Pakistani al-Qaida suspects handed over to U.S.

Published September 16, 2002

KARACHI, Pakistan (AP) - An alleged organizer of the Sept. 11 attacks was handed over to U.S. authorities yesterday along with four other al-Qaida suspects who were arrested here last week in a major blow to the terrorist network.

The five suspects - including Ramzi Binalshibh, a Yemeni who allegedly wired money to the hijackers in the United States and provided them logistical support - were flown out of Pakistan, several senior Pakistani officials said.

The handover took place after a Pakistani official said police were investigating whether some of those arrested with Binalshibh were involved in the murder of Wall Street Journal reporter Daniel Pearl, who was abducted in Karachi in January.

If a link were established, it would be the first evidence that al-Qaida may have been involved in Pearl's abduction and killing.

President Bush said Binalshibh's arrest showed the war on terrorism had not flagged.

"I had the feeling that after September the 11th, that some around the world would grow weary and tired of this effort," Bush said in Iowa. "But that's not how America feels. That's not how that fellow who's been picked up in Pakistan feels, too."

German prosecutors believe the 30-year-old Binalshibh was meant to be the fourth suicide pilot in the attacks on the United States. After he was refused a U.S. visa, he instead arranged payments to American flight schools and made frequent organizational trips.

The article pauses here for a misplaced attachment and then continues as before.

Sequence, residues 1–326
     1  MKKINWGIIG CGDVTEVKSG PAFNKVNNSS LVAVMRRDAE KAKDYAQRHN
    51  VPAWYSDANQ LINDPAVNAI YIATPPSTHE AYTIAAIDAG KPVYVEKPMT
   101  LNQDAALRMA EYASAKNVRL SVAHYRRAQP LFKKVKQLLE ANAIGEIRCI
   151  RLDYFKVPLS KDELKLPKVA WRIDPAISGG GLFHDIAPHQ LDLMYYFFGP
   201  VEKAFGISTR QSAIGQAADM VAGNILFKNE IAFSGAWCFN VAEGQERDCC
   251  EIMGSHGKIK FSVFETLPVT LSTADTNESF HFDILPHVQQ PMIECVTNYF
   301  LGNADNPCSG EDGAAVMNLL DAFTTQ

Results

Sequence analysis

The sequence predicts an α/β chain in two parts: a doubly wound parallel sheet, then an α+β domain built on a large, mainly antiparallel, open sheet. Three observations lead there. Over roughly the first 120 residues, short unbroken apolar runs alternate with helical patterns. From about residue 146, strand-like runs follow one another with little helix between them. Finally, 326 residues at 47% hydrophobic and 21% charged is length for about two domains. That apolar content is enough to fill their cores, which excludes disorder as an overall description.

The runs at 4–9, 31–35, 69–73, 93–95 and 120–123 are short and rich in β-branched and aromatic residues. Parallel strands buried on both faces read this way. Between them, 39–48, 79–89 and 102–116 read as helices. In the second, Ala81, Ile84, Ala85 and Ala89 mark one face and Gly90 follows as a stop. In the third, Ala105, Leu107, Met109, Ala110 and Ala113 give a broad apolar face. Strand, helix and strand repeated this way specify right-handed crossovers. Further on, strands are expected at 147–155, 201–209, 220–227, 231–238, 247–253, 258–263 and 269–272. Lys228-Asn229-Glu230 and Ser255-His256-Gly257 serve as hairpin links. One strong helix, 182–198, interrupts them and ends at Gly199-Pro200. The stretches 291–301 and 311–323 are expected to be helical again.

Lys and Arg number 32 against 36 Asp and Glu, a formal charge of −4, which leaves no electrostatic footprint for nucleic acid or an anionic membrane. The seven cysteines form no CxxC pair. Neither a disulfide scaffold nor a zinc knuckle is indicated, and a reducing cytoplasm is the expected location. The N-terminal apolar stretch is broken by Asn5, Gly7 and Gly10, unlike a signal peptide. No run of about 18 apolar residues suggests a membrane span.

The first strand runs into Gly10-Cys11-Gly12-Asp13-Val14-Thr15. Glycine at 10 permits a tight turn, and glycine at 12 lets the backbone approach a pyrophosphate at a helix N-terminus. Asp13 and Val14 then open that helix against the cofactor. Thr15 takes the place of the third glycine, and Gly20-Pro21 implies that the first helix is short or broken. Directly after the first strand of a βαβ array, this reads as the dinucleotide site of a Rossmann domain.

"After his exclusion as the fourth pilot, Binalshibh became the most significant contact person inside the network," chief German prosecutor Kay Nehm told reporters in August.

Although U.S. officials say Binalshibh was a key figure in the German-based cell that helped carry out the Sept. 11 attacks, they say he was not an overall leader in Osama bin Laden's al-Qaida network.

The FBI believes he is a key aide to Khalid Shaikh Mohammed, who is thought to have been a top planner of the attacks on the World Trade Center and Pentagon and to have plotted several al-Qaida attacks since.

The arrests of Binalshibh and the other militants marked one of the biggest successes in the U.S.-led war against terrorism since Abu Zubaydah, the third-ranking official in the al-Qaida network, was captured in March in Faisalabad, Pakistan.

Binalshibh was seized in a raid on an apartment building in a middle-class neighborhood Wednesday - the anniversary of the Sept. 11 attacks. Around a dozen suspects were arrested there and in a sweep the previous day.

Among those captured and since handed over to U.S. custody was Umar al-Gharib, a brother of al-Qaida leader Tawfiq Attash Khallad, a U.S. defense official in Washington said on the condition of anonymity. Khallad is thought to be one of the masterminds of the deadly October 2000 bombing of the USS Cole off Yemen.

Though not a leader in al-Qaida, al-Gharib may have valuable information nonetheless, the official said.

Binalshibh and the four other militants were handed over to U.S. custody yesterday, chief government spokesman Maj. Gen. Rashid Quereshi said.

Four other Pakistani officials, speaking on condition of anonymity, said the five men were put on a flight out of Pakistan, but did not say their destination. Zubaydah's final destination has never been announced.

It was unclear whether the four militants handed over with Binalshibh were the ones Pakistani police suspect may be linked to Pearl's slaying. Pearl's dismembered body was found in May in a shallow grave in Karachi.

Four Pakistani militants, including British-born Ahmed Omar Saeed Sheikh, were convicted in Pearl's abduction.